Why do women dominate the forensic field?

Technology has helped to transform forensic methods and processes into powerful investigative tools used to capture touch DNA, solve cold cases, and identify how long latent prints were on a particular surface. 3-D scanners and drones help crime scene investigators conduct scene processing and evidence documenting more efficiently and effectively. With all this new technology, the forensic field continues to be an attractive one to anyone wanting to start a forensic career.

In my 20+ years of teaching, educating, mentoring, and training in various forensic topics and disciplines, one thing hasn't changed: there are more women than men in this field. From the many students (I've lost count) who have trained in The Forensic Science Academy or who I've taught, the common denominator is this: they want to make a difference in their communities and want to combine their love of (insert a specific forensic discipline) forensic science is how they want to contribute to that difference.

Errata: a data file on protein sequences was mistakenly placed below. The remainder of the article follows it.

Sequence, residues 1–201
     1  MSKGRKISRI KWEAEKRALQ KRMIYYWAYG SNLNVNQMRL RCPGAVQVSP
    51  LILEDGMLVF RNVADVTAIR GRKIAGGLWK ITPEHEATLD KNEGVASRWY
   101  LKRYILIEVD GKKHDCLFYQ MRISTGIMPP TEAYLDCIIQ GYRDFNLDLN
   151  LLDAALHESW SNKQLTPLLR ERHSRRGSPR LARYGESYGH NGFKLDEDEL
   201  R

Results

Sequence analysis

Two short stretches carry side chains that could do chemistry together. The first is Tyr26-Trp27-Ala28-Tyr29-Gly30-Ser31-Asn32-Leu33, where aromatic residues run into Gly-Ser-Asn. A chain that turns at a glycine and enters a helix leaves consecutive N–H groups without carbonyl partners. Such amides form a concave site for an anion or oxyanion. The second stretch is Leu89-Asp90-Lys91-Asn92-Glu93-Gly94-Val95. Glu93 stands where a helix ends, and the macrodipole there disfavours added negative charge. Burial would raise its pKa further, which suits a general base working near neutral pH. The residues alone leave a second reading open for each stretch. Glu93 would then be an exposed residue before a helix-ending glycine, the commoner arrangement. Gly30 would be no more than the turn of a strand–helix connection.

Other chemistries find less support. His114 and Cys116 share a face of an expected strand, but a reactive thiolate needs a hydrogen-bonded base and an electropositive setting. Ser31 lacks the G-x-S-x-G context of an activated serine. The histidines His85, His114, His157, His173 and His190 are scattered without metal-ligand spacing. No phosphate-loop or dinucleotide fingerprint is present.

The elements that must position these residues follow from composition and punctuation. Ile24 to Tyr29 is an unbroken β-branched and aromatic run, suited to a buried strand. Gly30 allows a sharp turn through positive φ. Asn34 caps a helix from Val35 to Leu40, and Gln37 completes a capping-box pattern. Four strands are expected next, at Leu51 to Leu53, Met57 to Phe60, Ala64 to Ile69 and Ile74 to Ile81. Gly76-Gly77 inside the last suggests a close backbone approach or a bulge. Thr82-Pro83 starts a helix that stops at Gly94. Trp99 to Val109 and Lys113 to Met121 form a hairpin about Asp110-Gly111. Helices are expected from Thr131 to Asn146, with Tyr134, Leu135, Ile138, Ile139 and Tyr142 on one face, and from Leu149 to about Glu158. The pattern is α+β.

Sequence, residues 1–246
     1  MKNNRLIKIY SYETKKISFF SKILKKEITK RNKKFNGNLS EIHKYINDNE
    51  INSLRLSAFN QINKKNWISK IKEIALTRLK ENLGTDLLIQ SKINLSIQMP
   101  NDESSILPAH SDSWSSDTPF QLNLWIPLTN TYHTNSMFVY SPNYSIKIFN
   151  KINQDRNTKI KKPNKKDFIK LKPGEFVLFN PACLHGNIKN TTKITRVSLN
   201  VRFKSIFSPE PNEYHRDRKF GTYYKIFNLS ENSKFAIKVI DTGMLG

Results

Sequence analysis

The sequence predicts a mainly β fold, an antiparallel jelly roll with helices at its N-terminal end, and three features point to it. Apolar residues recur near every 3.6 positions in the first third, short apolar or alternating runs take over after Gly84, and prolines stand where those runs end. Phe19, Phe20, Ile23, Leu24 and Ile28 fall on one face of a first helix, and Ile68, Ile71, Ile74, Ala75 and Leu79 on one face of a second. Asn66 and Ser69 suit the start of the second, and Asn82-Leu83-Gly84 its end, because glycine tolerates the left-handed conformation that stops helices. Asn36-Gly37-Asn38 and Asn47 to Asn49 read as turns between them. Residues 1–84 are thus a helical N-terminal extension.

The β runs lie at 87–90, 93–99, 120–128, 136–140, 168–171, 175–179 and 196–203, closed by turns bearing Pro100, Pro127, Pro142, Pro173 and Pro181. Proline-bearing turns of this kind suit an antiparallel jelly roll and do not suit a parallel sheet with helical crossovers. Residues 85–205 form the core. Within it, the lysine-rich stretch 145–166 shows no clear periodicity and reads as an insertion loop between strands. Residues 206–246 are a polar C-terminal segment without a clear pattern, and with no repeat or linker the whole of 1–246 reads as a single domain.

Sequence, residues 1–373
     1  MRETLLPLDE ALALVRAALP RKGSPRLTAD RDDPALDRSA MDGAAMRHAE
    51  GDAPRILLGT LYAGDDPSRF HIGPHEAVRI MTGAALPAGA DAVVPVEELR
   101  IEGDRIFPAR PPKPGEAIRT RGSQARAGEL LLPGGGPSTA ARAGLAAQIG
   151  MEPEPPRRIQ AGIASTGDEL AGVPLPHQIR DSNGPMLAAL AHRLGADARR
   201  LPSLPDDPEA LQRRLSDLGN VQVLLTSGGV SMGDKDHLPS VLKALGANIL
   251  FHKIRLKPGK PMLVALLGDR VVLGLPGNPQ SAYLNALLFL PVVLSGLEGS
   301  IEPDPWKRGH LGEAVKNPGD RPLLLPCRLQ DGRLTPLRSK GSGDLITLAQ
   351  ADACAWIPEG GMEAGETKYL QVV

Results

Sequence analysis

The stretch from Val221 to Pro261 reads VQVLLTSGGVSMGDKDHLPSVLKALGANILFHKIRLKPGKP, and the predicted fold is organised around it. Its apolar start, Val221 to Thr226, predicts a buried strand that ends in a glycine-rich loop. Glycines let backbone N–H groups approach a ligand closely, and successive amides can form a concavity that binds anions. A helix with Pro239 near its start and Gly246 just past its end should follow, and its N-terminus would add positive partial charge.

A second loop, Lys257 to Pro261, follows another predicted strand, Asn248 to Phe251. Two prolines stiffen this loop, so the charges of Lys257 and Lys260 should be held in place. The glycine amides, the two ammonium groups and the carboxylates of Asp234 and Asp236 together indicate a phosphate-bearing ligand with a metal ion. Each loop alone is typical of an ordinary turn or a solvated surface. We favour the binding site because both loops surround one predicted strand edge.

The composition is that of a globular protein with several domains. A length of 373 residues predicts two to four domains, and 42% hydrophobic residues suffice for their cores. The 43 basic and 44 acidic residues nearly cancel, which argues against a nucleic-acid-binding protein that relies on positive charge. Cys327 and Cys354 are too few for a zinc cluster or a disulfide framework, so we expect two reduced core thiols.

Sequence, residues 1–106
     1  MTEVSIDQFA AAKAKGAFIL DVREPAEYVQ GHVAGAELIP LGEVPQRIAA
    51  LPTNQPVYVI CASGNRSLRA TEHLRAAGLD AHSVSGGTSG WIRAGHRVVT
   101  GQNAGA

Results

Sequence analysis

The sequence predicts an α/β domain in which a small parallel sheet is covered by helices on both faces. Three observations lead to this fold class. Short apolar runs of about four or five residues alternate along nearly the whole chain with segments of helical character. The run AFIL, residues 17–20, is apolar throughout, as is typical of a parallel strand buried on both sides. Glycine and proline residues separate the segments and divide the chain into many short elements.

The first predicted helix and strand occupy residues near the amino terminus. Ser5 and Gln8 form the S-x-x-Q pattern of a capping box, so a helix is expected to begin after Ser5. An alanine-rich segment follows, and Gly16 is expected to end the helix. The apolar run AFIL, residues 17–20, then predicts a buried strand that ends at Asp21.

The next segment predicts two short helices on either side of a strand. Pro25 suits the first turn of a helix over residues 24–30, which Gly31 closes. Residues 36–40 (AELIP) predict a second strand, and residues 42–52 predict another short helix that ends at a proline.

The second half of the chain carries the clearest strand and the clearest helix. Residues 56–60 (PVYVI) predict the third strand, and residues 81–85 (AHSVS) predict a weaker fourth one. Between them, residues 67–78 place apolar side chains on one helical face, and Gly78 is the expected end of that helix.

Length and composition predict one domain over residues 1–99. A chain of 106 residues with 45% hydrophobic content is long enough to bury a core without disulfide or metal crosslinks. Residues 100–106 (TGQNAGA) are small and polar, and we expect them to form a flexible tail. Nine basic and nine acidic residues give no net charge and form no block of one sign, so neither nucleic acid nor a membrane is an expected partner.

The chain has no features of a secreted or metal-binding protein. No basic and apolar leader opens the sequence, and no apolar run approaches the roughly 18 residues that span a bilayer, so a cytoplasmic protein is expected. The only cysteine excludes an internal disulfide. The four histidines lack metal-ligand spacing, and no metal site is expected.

One of my LinkedIn connections, Dr. Anna Barbaro, President of Worldwide Association of Women Forensic Experts, has written a great article, Women in Forensics: An International Overview. I had the pleasure of email exchanges with Dr. Barbaro a few years back and found her insight about the increase of women in forensic related roles very interesting.

In a review conducted by the Associated Press in 2008, 75 percent of graduates from accredited forensic science programs were women, an increase of 64 percent from just 8 years prior. I suspected those numbers are higher now. According to the review, "women say they were drawn to forensic science by strong role models, a desire to help people and stability that's often lacking in other scientific careers".

The CSI-type shows had strong female characters who were in positions showing a strong commanding presence. If you're an SVU fan like I am, Olivia Benson, played by actress Mariska Hargitay, has risen from the ranks and is now Captain and Commanding Officer of the Manhattan Special Victims Unit. Very. Strong. Female. Character.To read more about Women in Forensic Science, click here.If you have questions about forensic science and training, please contact me at [email protected]